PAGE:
No First Use
by David Krieger and Carah Ong, April 2002
In March 2002, major US media reported that the
new and still classified US Nuclear Posture Review (NPR) indicated
contingency plans for using nuclear weapons against seven states:
Iran, Iraq, Libya, Syria, North Korea, Russia and China. This
indication of US planning to use nuclear weapons is contrary to
international law as well as to long-standing US assurances not
to use nuclear weapons against non-nuclear weapons states. It
also constitutes a disturbing threat to the named states and others
as well as to international peace and security overall.
The provocative US approach to planning nuclear
weapons use will affect the approach taken to non-proliferation
by all countries, promoting nuclear proliferation and further
eroding the non-proliferation regime. US policy toward nuclear
weapons use, combined with its plans to develop and deploy missile
defenses, will encourage the expansion of nuclear weapons programs
by Russia and China as well as the development of nuclear weapons
by other countries. This could also lead to destructive new nuclear
The fact that the US is developing contingency
plans to use nuclear weapons is viewed by most of the world as
a dangerous expression of bad faith. In the past, nuclear weapons
have been viewed as a deterrent against the use of nuclear weapons
by other states. The US Nuclear Posture Review reveals that nuclear
weapons are apparently being integrated into a full spectrum of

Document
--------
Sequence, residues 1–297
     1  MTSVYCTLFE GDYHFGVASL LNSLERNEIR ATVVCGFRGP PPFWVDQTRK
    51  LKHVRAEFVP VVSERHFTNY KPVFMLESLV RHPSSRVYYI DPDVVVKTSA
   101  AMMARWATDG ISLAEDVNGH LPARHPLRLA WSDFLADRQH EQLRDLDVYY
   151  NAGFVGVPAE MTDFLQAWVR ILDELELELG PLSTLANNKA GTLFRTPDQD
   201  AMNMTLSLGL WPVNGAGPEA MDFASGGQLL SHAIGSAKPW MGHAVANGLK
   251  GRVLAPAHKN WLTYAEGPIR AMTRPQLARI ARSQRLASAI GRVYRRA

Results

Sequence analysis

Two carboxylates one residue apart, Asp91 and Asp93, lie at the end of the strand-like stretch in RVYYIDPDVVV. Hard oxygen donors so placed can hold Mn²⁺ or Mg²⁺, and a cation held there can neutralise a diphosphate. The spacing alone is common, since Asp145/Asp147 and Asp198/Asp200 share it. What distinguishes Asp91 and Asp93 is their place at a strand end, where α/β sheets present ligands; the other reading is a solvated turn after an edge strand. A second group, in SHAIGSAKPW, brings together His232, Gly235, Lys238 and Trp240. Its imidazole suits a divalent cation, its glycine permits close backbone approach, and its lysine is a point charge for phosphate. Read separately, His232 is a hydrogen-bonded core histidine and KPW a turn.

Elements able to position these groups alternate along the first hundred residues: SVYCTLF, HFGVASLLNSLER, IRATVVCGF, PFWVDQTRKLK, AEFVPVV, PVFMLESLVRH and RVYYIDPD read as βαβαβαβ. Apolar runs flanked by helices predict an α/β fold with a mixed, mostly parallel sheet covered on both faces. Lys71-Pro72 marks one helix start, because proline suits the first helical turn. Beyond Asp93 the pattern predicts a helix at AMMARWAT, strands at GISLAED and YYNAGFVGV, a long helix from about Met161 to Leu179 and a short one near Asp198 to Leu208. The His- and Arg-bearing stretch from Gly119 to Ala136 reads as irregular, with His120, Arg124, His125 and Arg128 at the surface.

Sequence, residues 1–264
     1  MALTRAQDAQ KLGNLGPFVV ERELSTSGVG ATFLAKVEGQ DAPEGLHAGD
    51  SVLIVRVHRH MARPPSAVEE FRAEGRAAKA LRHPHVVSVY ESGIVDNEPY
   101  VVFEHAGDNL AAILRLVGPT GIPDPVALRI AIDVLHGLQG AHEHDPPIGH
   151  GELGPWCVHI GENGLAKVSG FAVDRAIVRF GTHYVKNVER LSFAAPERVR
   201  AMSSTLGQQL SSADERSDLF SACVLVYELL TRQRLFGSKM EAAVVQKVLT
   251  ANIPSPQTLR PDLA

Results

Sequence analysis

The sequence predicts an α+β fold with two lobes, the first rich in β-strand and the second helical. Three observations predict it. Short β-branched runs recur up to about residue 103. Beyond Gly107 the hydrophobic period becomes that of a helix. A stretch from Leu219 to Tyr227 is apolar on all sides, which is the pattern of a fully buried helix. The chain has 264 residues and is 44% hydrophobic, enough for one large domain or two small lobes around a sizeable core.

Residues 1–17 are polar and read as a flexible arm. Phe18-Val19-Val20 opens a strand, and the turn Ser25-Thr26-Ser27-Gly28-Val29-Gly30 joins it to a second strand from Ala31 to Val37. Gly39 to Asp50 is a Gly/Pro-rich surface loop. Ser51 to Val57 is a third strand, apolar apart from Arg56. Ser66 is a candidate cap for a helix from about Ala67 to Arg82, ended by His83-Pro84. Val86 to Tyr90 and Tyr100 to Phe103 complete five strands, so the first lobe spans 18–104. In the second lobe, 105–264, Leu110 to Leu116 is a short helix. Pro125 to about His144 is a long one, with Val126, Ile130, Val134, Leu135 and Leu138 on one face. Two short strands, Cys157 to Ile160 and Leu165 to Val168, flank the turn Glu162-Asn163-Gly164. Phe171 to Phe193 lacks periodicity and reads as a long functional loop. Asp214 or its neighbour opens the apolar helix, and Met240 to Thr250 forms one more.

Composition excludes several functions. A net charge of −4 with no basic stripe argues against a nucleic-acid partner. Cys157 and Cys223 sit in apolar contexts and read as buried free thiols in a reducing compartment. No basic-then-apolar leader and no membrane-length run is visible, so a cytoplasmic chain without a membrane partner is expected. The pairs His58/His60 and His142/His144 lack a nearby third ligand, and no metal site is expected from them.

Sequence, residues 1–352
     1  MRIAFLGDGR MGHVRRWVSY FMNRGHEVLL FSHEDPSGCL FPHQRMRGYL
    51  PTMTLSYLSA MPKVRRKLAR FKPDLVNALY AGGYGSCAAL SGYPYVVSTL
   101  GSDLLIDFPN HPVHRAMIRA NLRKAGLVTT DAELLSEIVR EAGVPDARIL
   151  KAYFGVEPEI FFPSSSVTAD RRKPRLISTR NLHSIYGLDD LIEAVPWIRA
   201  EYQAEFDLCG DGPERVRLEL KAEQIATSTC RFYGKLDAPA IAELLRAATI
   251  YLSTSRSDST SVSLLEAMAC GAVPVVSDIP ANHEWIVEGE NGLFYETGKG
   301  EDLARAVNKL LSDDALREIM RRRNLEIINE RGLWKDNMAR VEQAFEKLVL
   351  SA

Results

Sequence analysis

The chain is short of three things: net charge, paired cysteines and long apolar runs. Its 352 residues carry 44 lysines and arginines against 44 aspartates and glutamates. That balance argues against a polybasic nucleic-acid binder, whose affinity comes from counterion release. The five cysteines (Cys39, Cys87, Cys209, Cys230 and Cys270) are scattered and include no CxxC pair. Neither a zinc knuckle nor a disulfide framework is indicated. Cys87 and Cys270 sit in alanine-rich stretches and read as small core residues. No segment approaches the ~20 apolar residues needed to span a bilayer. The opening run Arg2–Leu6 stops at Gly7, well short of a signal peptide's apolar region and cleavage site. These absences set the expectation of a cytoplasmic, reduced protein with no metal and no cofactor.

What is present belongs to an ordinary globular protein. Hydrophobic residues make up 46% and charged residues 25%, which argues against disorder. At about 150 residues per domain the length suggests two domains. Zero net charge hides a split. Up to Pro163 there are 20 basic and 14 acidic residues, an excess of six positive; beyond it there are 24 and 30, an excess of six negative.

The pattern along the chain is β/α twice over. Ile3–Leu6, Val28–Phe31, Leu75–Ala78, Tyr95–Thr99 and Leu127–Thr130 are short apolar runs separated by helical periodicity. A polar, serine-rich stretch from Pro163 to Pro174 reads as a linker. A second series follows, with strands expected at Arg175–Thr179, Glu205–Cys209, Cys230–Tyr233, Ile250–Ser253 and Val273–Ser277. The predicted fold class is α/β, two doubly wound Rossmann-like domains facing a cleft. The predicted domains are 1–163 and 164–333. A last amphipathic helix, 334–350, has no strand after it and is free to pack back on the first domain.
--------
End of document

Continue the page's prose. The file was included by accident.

war fighting capabilities. US policy makes nuclear weapons no
longer weapons of last resort, but rather instruments that may
be used in fighting wars, even against non-nuclear weapons states.
Following the US lead, the UK also announced that it is prepared
to use nuclear weapons against any state that may attack it with
a weapon of mass destruction.
Among the nuclear weapons states, China has had
the best policy on first use of nuclear weapons. Since 1964 China
has unconditionally pledged that it will never be the first to
use nuclear weapons at any time under any circumstance. China
has also pledged unconditionally not to use or threaten to use
nuclear weapons against non-nuclear weapons states. One hopes
that China will continue to adhere to these policies. However,
US policy, including its plans to deploy missile defenses, raises
the possibility that China will abandon these constructive policies.
The 1995 Nobel Peace Laureate, Sir Joseph Rotblat,
has called for a treaty among nuclear weapons states that commits
these states never to be the first to use nuclear weapons. Rotblat
argues that a treaty committing nuclear weapons states to No First
Use "would open the way to the gradual, mutual reductions
of nuclear arsenals, down to zero." He views such a treaty,
as do we, as a critical step in achieving a Nuclear Weapons Convention,
a treaty for the phased elimination of all nuclear weapons.
"Countries with nuclear weapons should undertake
unconditionally not to be the first to use them, and not to use
or threaten to use nuclear weapons against non-nuclear states
or nuclear-weapon-free regions. "
-Sun Yuxi, Foreign Ministry Spokesman for the People's Republic
of China, March 2002
*David Krieger and Carah
Ong are president and Director of Publications and Research at
the Nuclear Age Peace Foundation.